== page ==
It’s even been suggested by various studies that the parts of the brain responsible for thinking and memory are larger in people who exercise regularly. This is especially important for people who are predisposed to or already have dementia or Alzheimer’s disease.
The Positive Effects of Exercise
The benefits of exercise aren’t limited to just the physical aspects. Partaking in physical fitness programs, such as weightlifting, classes, or even community sports can introduce you to new people and new activities.
Having diverse interests and hobbies is important for good mental health because it allows you to focus on fun and positive ventures rather than things that make you unhappy.
Whether it’s learning the rules and stances of a martial arts form, engaging in the historical and rich culture of yoga, or even finding your rhythm in a dance class, exercise is so much more than how much weight you can lift.
Additionally, discovering that your body is capable of doing amazing things you never thought possible can be a rewarding experience. Setting and achieving fitness goals is another aspect of diversifying your interests and taking pride in the things that you’ve been able to accomplish. Fitting into a smaller pants size feels pretty good too!
Overcoming Mental Obstacles to Exercise
It’s all well and good to be pumped to exercise, but the actual execution can sometimes be overwhelming. If you’re finding it difficult to motivate yourself, here are some tips that you can use to get the ball rolling.
Commit to at least 15 minutes. As noted before, even just 15 minutes of exercise can have a positive impact on your mental health, so start there and see where it goes. You might only get 15 minutes done, but once you’re into it, finishing the whole routine is not typically as daunting as you first thought it would be.
You can also try a different routine. Doing the same thing every time you exercise can get boring. Try a free YouTube video or go for a walk in a park you’ve never visited before. Trying something new can be fun and help you stay interested in working out.
You can also focus on smaller rewards for the end of your workout. It can be something simple like spending an extra $10 on a splurge item or treating yourself to a relaxing activity afterward. Try to avoid food as motivation, though, because that can undo all of your hard work.
Beyond feeling unmotivated, sometimes we encounter mental obstacles like self-doubt or being upset by a perceived lack of progress.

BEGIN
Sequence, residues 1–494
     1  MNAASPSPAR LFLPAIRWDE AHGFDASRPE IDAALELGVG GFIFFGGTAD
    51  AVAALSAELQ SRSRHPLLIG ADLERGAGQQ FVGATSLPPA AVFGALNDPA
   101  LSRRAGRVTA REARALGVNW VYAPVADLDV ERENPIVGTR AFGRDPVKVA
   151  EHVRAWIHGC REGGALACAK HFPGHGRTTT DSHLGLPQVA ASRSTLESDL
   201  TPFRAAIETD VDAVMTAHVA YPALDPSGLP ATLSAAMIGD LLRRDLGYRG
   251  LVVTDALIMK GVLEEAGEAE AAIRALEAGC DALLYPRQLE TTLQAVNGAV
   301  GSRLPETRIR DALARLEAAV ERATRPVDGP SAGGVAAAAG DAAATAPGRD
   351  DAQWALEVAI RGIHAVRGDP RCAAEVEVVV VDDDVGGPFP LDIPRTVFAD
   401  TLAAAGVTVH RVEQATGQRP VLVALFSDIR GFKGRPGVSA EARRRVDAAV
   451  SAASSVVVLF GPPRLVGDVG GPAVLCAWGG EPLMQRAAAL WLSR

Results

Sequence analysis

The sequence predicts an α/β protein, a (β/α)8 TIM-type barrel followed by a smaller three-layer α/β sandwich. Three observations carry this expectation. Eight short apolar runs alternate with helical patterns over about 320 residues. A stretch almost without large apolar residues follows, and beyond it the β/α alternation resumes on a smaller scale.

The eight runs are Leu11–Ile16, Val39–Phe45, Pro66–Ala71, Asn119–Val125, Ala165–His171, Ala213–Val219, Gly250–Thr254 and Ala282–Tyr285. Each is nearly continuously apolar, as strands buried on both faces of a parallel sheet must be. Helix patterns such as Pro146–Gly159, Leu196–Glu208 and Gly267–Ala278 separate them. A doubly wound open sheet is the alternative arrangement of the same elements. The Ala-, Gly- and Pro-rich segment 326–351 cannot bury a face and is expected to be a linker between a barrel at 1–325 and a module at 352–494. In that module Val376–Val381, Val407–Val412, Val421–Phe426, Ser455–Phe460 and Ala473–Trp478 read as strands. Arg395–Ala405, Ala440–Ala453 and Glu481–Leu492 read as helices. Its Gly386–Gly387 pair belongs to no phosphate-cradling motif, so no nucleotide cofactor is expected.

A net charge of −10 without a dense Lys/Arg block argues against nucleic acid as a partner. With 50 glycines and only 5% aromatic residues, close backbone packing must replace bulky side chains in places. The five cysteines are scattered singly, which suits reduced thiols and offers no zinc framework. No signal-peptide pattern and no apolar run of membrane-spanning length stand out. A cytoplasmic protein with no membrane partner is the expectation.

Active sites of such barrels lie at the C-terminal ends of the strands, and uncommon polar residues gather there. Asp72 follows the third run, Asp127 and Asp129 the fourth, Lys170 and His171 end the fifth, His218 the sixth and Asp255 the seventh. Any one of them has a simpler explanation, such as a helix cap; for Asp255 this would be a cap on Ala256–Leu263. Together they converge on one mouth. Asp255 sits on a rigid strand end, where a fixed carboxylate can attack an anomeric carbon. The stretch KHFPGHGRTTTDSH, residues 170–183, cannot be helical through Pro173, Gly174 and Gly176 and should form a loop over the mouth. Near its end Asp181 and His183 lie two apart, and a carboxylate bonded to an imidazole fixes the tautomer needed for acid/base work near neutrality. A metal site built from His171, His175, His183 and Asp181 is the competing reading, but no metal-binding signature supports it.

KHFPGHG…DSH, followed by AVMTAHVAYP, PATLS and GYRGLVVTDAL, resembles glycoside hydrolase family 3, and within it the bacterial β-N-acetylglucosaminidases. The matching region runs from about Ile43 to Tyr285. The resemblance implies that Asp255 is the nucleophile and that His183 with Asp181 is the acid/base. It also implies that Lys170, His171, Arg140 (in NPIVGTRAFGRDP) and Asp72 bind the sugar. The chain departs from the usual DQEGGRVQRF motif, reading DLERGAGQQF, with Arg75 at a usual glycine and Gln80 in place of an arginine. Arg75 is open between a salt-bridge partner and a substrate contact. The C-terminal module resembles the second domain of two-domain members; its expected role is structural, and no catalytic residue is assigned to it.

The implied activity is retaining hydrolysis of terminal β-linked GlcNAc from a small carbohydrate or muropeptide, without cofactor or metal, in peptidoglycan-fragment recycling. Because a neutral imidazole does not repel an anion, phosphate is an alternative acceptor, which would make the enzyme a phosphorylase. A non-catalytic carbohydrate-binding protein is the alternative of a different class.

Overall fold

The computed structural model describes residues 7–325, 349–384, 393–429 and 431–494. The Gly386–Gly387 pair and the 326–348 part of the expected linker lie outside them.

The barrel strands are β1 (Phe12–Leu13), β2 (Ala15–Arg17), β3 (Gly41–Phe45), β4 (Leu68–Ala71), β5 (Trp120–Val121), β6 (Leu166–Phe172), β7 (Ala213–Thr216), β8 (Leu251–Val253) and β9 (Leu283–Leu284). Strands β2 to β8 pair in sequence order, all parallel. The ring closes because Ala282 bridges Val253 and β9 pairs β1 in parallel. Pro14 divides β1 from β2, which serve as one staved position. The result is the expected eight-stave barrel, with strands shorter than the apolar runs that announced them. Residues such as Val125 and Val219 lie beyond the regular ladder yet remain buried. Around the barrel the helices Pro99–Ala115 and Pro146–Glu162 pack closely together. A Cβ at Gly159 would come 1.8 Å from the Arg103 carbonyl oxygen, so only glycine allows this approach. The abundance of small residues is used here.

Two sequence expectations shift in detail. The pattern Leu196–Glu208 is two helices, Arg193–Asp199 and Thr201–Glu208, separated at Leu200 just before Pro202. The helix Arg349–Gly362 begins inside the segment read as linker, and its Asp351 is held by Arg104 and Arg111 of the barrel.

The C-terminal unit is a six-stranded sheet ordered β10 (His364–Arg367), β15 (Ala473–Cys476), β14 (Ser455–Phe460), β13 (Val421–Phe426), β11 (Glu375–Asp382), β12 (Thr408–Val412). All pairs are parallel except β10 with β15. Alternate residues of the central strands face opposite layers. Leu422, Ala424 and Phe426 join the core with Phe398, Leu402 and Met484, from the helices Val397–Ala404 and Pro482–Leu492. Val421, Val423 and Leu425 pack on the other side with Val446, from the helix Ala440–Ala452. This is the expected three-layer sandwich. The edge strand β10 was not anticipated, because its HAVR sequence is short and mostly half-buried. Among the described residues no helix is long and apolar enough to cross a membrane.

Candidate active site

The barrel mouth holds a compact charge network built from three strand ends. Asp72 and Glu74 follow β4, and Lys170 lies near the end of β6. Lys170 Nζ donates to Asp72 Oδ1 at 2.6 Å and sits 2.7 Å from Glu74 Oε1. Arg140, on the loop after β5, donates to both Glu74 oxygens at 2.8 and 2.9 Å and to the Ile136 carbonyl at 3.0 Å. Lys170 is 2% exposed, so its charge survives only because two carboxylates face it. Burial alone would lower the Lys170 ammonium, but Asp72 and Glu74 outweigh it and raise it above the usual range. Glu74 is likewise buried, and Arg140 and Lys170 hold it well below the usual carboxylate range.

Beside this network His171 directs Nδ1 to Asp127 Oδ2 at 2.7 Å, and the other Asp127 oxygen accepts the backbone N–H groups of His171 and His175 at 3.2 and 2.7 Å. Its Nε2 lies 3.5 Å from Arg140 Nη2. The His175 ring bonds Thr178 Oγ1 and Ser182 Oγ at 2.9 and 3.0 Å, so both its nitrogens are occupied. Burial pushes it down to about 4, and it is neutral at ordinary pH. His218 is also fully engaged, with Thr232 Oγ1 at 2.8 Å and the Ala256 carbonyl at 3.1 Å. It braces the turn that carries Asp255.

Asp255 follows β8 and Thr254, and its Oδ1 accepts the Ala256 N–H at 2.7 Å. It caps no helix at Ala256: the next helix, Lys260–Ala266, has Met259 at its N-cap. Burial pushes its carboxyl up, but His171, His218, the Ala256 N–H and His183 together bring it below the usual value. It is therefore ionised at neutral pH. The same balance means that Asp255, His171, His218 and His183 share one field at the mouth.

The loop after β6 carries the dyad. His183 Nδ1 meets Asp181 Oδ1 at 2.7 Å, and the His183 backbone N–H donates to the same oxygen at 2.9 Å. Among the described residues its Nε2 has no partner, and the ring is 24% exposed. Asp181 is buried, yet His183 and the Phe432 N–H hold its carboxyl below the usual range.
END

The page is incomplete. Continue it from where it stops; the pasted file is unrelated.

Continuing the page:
If you’re struggling with self-doubt, it can be helpful to have a workout buddy or even an online support team. There are many forums and apps that provide support for people who are starting their workout journey. Sometimes, just hearing other people’s stories can help you feel like you’re not alone and find the mental fortitude to get your exercise in.
If you feel like you haven’t been making progress, pay closer attention to your body. Besides weighing yourself, you can measure your bust, chest, waist, hips, thighs, and calves to more accurately track smaller physical changes. You can also set small goals, such as being able to stretch to your toes or do cardio for a certain amount of time before feeling winded. This can help put your progress in perspective.
If you’re feeling self-conscious about being in a weight room or fitness class, it’s helpful to remember that everyone is there for the same reason. No one is actually judging you and any mistakes you make are part of the learning process, and you’re definitely not the first person to make them. You can even ask your fellow gym-goers for tips – you’d be surprised how happy they’d be to help!
Educate yourself on different workout routines, exercise machines, proper forms, and diet to begin overcoming obstacles that can stop you from feeling your best while working out.
Exercise is an important contributor to mental health, and moreover, it’s something you can control. There are options out there for everyone, even if you’re struggling with physical limitations. Be kind to yourself, stick with it, and you’ll feel a little bit better every day.